OCR for page 68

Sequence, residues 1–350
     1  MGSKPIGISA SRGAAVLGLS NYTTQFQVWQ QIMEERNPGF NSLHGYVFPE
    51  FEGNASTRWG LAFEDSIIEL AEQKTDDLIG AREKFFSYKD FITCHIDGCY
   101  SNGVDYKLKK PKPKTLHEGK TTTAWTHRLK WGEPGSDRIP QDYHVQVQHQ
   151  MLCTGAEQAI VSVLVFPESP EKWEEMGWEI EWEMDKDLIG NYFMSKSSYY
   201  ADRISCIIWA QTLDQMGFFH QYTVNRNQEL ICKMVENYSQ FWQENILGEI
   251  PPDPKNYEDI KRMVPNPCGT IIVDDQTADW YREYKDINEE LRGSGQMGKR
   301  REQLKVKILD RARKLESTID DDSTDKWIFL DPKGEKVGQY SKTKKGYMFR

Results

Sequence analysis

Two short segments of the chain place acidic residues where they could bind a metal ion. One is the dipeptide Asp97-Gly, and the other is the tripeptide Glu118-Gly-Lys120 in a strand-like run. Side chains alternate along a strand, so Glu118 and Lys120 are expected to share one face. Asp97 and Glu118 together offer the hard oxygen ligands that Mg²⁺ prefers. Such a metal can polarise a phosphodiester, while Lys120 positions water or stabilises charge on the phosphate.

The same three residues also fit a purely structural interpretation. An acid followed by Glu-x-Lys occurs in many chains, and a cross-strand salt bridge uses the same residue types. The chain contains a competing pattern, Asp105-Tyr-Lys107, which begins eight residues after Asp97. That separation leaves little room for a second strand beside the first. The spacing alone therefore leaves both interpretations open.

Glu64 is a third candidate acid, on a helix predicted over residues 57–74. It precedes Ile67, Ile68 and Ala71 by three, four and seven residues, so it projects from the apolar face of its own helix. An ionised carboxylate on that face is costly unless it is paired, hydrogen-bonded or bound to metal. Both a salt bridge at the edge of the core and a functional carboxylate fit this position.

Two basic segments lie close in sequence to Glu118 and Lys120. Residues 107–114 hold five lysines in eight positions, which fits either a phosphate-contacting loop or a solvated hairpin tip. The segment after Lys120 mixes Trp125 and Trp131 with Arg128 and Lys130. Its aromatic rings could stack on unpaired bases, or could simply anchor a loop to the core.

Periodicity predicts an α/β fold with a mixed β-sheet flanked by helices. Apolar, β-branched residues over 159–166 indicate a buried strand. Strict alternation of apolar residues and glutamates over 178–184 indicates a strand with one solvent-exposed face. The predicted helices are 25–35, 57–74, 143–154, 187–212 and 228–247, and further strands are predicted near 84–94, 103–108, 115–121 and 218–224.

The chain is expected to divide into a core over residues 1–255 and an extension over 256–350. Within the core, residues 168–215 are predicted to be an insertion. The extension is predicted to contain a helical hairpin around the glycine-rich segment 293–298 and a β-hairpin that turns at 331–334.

68 care provided to 9,907 women by two obstetrical teams at the Cardiff Maternity Hospital between 1968 and 1972. One team's approach was characterized by relatively greater use of induction and stimulation of labor, biochemical and electronic fetal monitoring, analgesia and anesthesia, and operative interventions during delivery. The study failed to demonstrate any advantage or disadvantage of a more •active management of labor.• No significant differences were found when fetal distress, Apgar score, perinatal mortality or low birth weight were used as outcome measures. These reports are based on retrospective data and have nonrandom- ized designs. The data were not originally intended to be used in eval- uation studies. Despite these limitations, which the authors recog- nized, the results of the studies are similar, thus strengthening the case for the validity of the findings. Yanover et al. (1976) evaluated early postpartum hospital discharge by studying the results of the Family Centered Perinatal Care program instituted by the Kaiser Permanente Medical Center in San Francisco. This program offered the opportunity for early postpartum discharge and home care by a perinatal nurse practitioner with the support of obste- tricians and pediatrician3. Of 362 low-risk women initially screened, 271 agreed to participate in the study and were interviewed. Of these, 143 women did not participate because of ineligibility based on failure to meet additional criteria, lack of interest, or other reasons. The remaining 128 were randomly assigned to the alternative care (experi- mental) group or the conventional care (control) group. Forty women did not complete the study because their medical status changed before delivery or during labor, or because of lack of interest, change of residence, or other reasons. Forty-four women remained in the experi- mental group and 44 in the control group. There were no group differ- ences in reasons for discontinuing participation in the study. The median postpartum hospital stay was 26 hours for the study group and 68 hours for the control group. There were no significant differences between the two groups in the number or type of maternal and neonatal morbidity during hospitaliza- tion or the six-week postpartum period. In addition to determining the safety of early home hospital discharge with follow-up care, the program proved economically feasible and was well accepted by the patients. This study is an example of a well-designed prospective study with random assignment to experimental and control groups. UNCONVENTIONAL HOSPITAL MATERNITY CARE Most of the literature on unconventional hospital maternity care (e.g., alternative birth centers or birth rooms) is descriptive in nature. Representative articles by Barton et al. (1980), Gillet (1979), Kerner et al. (1978), Klass et al. (1980), Rising (1976), Schmidt (1980), and Sumner (1976) provide varying degrees of specificity and emphasize dif- ferent aspects of care. The article by Barton et al. (1980) is one of the most specific and thorough treatments of this subject. The authors describe physical